Job Site Finds Women 48 Percent More Likely To Get Hired Than Men

Rob Shimshock | Education Reporter

A job site found Monday that women are 48 percent more likely to get hired than men.

TalentWorks, a site specializing in mentoring and matching applicants to jobs, reported the statistic after analyzing over 4,000 job applications. The site also laid out 10 tips, such as using buzzwords, applying on Mondays instead of Fridays, and not listing oneself as a “team player” to improve employment prospects.

“Resumes with obviously female names had a +48.3% higher chance of getting an interview,” said Kushal Chakrabarti, CEO of TalentWorks in the report. “Dozens of studies show that women often don’t get what they deserve (basically) because they don’t ask for it. This shows that, when women do ask for what they deserve, they’re often recognized for it. [Emphasis theirs]”

“In the past several months, women across the country have become more vocal about their rights, from standing up to sexual harassment to supporting each other in the workplace,” Chakrabarti continued. “Between the clear (data-proven) benefits of hiring women, that women are outperforming men in school, and the fact that most recruiters are women (who want to support other women), it makes 100% sense why women might be getting a boost when they apply for jobs.”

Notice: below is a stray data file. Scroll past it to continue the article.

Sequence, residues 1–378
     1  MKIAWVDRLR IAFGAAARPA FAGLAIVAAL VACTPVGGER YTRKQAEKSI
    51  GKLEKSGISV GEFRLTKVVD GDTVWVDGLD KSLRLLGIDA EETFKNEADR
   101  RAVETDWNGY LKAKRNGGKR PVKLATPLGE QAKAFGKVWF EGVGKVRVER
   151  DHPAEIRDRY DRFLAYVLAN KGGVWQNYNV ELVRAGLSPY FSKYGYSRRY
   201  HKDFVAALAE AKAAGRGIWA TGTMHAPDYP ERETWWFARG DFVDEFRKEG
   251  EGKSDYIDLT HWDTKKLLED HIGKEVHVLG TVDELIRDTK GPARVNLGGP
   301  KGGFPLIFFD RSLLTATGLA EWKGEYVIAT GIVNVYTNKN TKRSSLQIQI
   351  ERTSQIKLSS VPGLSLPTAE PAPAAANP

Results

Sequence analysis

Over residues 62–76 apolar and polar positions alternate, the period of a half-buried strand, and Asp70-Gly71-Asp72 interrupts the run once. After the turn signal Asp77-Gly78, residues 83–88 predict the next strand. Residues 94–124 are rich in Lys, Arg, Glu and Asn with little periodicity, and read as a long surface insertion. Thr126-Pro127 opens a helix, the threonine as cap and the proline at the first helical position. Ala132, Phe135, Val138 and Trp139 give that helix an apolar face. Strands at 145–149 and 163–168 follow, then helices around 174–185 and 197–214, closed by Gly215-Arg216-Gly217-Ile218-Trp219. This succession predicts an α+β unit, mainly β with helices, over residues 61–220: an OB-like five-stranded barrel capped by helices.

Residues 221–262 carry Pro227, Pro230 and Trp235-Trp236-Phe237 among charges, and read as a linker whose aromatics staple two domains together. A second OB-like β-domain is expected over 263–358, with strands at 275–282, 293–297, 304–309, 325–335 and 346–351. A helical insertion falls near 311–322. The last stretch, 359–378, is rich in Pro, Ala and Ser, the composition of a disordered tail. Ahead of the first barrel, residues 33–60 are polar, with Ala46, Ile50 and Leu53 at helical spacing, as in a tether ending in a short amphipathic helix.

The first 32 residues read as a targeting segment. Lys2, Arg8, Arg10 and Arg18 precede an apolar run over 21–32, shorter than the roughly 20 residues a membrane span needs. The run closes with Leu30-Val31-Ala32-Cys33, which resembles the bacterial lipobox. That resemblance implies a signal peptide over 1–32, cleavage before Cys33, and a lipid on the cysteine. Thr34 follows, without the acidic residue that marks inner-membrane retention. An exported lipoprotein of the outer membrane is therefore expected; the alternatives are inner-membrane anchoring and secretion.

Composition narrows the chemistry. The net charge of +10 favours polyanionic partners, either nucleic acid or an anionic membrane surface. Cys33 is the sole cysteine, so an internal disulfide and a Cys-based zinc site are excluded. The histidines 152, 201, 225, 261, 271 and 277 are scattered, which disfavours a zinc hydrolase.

TalentWorks found that, after age 35, job applicants’ likelihood of getting hired decreases eight percent each year and that returning to school raises employment prospects by 21.9 percent.

“The most collaborative candidates get penalized by -50.8% by hiring managers,” noted Chakrabarti. “Many collaborative words also have passive, subordinate, weasel-word undertones.”

The site also determined that using personal pronouns in the employment section of one’s resume decreased the chance of obtaining an interview callback by 54.7 percent. Using varied action verbs to start sentences rendered applicants a 140 percent higher likelihood of getting more interviews.

Chakrabarti found that temporal factors held significant sway; applying to a job within the first four days of its announcement gave candidates a 65 percent advantage and applying between the hours of 6am and 10am yielded an 89 percent boost.

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